[Raffi] needed a birthday present idea but he wanted to do something extra special. He realized that a big part of gift giving is the anticipation and excitement of opening the present. In order to prolong this experience, [Raffi] built an electronic puzzle box. The box contains the final gift, but first a series of puzzles must be solved in order to open the box.
The project runs on an Arduino Mega. This is hooked up to several sensors, including a temperature sensor, GPS unit, and CO sensor. There is also an LCD screen and numeric keypad for user input and output. The project page contains a flow chart that shows all of the puzzles and their solutions. One of the more interesting puzzles requires the user to blow tobacco smoke into a tube. The CO sensor detects the smoke and unlocks the next puzzle.
Some of the puzzles require interacting with outside systems. For example, one puzzle requires the user to send an email to the fictional Captain Hermano’s email address. If the correct keyword is included in the email, the user will receive a reply with the code to enter into the box. Another puzzle requires the user to call a particular phone number and listen for another riddle. We’ve included the video demonstration below.
This isn’t the first puzzle box we’ve seen, but each one has its own special flair. This one is very well made and looks like a lot of care was put into it. We’ve seen another that uses only discrete components. We’ve seen yet another that uses Morse code. Continue reading “Captain Hermano’s Mystery Box is Full of Puzzles”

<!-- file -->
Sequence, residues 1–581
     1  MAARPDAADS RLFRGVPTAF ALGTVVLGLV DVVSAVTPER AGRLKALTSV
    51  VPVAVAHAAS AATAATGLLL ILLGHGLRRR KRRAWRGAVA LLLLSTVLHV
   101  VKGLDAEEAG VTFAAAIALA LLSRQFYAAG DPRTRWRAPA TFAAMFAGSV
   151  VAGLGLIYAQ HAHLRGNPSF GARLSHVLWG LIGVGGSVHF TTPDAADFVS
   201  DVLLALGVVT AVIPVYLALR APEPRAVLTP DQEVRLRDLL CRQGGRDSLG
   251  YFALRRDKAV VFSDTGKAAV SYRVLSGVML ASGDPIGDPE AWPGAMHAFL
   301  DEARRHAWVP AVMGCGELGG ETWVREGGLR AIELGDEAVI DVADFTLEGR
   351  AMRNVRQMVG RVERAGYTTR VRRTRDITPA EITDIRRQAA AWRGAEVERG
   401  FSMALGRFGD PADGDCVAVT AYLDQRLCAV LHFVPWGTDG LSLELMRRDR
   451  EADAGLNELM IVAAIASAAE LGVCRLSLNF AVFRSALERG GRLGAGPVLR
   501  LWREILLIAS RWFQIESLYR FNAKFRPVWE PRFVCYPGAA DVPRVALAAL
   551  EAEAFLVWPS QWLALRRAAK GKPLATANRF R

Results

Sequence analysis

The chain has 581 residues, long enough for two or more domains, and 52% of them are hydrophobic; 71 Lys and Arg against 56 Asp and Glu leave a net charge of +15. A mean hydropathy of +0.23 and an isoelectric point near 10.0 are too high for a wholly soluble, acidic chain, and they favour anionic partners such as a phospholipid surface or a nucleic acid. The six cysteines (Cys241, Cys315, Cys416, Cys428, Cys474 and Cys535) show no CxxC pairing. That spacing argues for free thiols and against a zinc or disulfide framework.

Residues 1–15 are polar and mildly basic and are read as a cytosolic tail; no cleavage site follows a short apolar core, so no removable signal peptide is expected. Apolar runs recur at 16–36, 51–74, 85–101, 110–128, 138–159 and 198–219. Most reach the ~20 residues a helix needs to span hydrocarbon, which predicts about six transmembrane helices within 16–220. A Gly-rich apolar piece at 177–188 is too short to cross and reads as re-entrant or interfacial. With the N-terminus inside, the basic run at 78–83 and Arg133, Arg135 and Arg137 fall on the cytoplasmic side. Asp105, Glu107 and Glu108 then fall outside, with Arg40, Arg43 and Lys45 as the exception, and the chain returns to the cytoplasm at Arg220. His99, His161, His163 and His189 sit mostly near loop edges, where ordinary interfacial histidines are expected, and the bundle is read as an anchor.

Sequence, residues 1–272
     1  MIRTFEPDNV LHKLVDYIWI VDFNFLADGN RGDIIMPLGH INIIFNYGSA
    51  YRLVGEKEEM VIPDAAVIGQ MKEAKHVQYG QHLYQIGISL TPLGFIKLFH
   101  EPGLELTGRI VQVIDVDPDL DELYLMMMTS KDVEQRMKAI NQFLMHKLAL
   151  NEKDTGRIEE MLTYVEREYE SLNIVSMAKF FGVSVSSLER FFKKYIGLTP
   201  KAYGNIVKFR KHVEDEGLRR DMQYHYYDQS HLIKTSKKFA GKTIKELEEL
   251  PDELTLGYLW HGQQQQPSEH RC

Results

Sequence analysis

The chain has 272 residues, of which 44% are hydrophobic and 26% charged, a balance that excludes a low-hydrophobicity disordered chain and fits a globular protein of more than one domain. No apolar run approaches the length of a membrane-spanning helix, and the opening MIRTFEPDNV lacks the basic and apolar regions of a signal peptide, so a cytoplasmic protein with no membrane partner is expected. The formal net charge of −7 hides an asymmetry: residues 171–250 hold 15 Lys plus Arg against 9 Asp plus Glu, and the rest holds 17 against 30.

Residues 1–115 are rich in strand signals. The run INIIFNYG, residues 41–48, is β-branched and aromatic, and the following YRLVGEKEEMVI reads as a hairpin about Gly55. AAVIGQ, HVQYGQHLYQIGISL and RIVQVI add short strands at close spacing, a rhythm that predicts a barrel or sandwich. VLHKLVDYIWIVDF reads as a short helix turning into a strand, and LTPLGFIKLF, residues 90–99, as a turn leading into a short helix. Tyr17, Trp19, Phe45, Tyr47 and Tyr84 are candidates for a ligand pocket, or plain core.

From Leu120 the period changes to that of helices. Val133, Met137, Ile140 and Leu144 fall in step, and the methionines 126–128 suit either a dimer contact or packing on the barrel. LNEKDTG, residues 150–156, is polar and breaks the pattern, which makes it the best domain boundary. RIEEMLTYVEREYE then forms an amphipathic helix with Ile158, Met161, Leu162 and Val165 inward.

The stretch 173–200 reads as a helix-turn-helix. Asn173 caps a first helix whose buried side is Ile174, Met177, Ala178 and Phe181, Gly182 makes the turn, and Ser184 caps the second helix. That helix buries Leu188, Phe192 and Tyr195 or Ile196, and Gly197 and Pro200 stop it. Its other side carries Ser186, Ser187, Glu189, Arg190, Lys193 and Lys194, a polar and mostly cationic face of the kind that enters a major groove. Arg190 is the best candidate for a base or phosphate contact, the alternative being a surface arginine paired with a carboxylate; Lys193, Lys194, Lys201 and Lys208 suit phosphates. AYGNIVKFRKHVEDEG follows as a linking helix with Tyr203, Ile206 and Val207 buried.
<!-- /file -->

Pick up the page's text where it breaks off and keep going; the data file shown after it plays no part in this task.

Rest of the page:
Here’s a design that lets you make acrylic enclosures without using fasteners. The red outline in the diagram above is a bit hard to make out. But look closely and you’ll realize that there is very little material which has been removed to form the clip. This uses the rigidity/flexibility of the material to form a spring that will hold a couple of pieces tightly together.
In a links post last year we looked at [Patrick Fenner’s] fantastic analysis of the strength of using kerf-bending to form several sides of a case out of one piece of material. He’s used that same analytic expertise to take a look into this design. He even suggests that making the cut on the hook-side a bit deeper will help improve the resilience of the part. If you have a laser cutter on hand and want to give this a try he’s posted the plans on Thingiverse.
Here’s a new take on a gift box which has been locked from the inside. I doesn’t rely on GPS coordinates or a real-time clock to unfasten the latch. Instead, the box itself acts as a puzzle. You follow the visual and audio clues, turning the box along three axes in order to input the unlock code.
There are three different difficulty settings. The easiest uses the LED heart to indicate which direction to turn the box next. This is accompanied by a beep for correct or a longer tone for incorrect movements. On the medium setting you can only go by the tones, but once you screw up the lights will aid you in getting back to where you where when making the mistake. The impossible setting doesn’t use the lights at all.
[Matt] took inspiration from some reverse geocache projects featured here on Hackaday. He already had an STM32F3 Discovery board on hand which he received as a sample. It’s driving all of the electronics inside, with the on-board gyroscope as the input device. Don’t miss the video after the break to see how well the thing works.
Continue reading “Valentine’s puzzle box makes you work for what’s inside”
If you use Inkscape to lay out your laser cutter designs you might want to look into this box maker extension. Inscape is [Elliot’s] drawing software of choice since it’s easy to use, and it’s open source. After having to lay out the tabs for a box he decided it was worth his effort to develop a tool to do this automatically. The extension works inside of Inkscape, letting you start your projects with a set of automatically generated box sides.